BY MARTI WADE September 15, 2016
In the best-selling book The Insanity of God (and now a documentary film of the same name), Nik Ripkin describes a personal journey to understand and support Christians in places where being a Christian may seem to be a death sentence. He, his wife Ruth, and those who partnered with them aimed to discover what Christians who have survived great struggles and persecution in other parts of the world have to teach those experiencing persecution today—as well as people like us who hear their stories and cry out to God for those in desperate need.

It’s not surprising that they began their journey in the countries of the former Soviet Union. Nik interviewed believers who had held onto their faith during the 70 years of the Communist rule and systematic religious oppression. Across Russia, Central Asia, and Eastern Europe, Christians were ridiculed and pressured and churches were closed. Leaders and other believers were arrested, tortured, and sometimes put to death. Through legislation and social pressure, every effort made to keep parents from passing on their faith to their children in hopes that the church might die out within a single generation.

Yet, as Ripkin reports, “under communism, the church had found a way to survive and often thrive.” Scripture and song kept them going when scattered or imprisoned. “Looking back now, I understand that one of the most accurate ways to detect and measure the activity of God is to note the amount of opposition that is present,” says Ripkin. “The stronger the persecution, the more significant the spiritual vitality of the believers.”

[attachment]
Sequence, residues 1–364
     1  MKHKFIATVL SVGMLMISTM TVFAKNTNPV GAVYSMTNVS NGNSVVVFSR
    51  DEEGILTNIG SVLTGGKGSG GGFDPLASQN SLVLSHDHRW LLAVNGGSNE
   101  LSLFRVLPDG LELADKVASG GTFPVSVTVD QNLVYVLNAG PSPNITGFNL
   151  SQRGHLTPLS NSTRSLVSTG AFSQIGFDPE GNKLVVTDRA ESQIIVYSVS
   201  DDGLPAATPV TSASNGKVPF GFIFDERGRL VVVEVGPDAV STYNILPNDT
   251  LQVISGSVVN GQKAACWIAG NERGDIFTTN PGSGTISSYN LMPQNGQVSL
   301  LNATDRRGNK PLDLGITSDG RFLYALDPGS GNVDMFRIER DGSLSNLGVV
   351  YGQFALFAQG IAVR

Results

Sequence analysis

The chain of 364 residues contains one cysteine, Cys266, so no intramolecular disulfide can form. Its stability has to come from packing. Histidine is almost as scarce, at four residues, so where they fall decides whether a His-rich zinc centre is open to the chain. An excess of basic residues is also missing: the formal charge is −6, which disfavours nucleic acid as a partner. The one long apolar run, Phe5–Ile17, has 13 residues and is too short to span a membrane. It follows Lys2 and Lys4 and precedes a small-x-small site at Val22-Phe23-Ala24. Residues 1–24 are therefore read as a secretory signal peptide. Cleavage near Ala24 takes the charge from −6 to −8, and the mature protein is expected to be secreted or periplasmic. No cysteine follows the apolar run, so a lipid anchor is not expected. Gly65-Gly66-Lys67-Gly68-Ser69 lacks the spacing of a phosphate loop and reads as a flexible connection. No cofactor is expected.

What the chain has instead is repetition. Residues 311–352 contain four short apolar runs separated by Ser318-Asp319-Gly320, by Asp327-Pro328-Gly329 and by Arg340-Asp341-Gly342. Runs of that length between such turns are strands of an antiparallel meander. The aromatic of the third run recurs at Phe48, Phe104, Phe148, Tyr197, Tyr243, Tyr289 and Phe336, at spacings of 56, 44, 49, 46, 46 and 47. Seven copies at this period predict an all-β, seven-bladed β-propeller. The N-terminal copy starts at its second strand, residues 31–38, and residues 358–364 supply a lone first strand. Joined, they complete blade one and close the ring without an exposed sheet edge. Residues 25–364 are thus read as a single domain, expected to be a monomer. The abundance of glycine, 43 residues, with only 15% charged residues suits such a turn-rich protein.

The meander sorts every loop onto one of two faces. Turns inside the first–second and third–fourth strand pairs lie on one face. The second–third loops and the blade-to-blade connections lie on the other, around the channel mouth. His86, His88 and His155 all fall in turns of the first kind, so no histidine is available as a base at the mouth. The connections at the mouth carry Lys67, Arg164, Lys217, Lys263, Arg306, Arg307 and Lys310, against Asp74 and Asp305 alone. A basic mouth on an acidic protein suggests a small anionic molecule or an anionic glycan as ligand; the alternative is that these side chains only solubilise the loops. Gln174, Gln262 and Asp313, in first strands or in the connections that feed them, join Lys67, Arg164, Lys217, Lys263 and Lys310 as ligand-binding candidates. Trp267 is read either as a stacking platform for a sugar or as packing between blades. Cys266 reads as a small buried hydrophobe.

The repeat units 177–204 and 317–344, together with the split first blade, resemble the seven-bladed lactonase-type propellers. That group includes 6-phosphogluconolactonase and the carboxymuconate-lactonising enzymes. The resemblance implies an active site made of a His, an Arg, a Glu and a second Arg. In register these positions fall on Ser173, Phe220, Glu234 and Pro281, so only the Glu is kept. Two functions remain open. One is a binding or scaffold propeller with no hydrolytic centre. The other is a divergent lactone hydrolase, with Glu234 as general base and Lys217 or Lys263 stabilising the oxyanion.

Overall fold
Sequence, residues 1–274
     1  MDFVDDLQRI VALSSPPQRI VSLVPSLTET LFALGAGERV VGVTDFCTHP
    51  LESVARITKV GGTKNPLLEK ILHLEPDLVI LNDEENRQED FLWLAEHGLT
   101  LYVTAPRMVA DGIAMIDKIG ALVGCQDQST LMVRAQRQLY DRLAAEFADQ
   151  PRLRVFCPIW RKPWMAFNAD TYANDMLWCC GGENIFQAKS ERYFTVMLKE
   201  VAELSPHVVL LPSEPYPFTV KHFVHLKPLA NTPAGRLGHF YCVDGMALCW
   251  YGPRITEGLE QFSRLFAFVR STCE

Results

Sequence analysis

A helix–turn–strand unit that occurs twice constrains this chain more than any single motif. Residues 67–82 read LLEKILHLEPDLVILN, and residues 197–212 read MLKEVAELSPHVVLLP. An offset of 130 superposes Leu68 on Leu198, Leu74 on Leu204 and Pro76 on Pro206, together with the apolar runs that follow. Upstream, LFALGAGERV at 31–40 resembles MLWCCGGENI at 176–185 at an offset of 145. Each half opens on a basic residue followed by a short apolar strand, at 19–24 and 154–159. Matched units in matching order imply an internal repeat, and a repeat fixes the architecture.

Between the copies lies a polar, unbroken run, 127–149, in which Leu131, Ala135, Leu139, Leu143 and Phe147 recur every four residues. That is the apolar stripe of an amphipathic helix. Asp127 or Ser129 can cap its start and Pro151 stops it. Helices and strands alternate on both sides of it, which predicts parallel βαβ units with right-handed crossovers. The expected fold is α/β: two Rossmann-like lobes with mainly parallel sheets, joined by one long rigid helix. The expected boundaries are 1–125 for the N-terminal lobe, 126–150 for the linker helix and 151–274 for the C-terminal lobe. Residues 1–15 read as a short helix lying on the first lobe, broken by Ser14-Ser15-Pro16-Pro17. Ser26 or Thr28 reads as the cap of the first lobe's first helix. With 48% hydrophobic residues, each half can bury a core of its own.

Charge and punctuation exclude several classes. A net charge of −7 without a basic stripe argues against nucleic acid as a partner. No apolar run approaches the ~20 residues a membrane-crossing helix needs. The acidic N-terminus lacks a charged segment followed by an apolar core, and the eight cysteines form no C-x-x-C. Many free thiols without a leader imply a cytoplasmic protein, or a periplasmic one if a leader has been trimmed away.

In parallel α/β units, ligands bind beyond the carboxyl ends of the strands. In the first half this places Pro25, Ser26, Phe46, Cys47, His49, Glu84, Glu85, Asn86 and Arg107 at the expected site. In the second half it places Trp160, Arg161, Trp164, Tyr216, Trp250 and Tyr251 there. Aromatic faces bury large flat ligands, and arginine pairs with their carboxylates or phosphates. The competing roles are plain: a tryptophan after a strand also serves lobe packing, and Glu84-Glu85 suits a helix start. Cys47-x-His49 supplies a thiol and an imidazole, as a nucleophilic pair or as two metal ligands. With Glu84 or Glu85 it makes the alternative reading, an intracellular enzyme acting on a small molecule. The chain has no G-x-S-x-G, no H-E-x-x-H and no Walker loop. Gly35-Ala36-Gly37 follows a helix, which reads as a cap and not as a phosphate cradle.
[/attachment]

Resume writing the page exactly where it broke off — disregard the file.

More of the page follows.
For these believers, persecution became as expected as “the sun coming up in the East.”

The years since that time have brought continued challenges but also some new ones. Some churches have made compromising their faith a part of their strategy for survival, urging members to lay low, avoid rocking the boat, and hold back on evangelism. In some places, believers still struggle to trust anyone, hiding their stories rather than sharing them with the next generation. In some areas, persecution is much less these days, but believers may be less zealous for their faith. Younger Christians may not cling to and memorize the Scriptures like believers during Soviet days. Ripkin puts in this way: “The Russian Church had lost in its first decade of ‘freedom’ what Soviet believers had managed to hold onto under communism for most the century.’”

Pray for Russian believers and others who live in Central Asia and across the former Soviet Union. May they grow, thrive, multiply, and reach out cross-culturally despite bouts or fears of persecution and the temptation to compromise or drift away from their faith.

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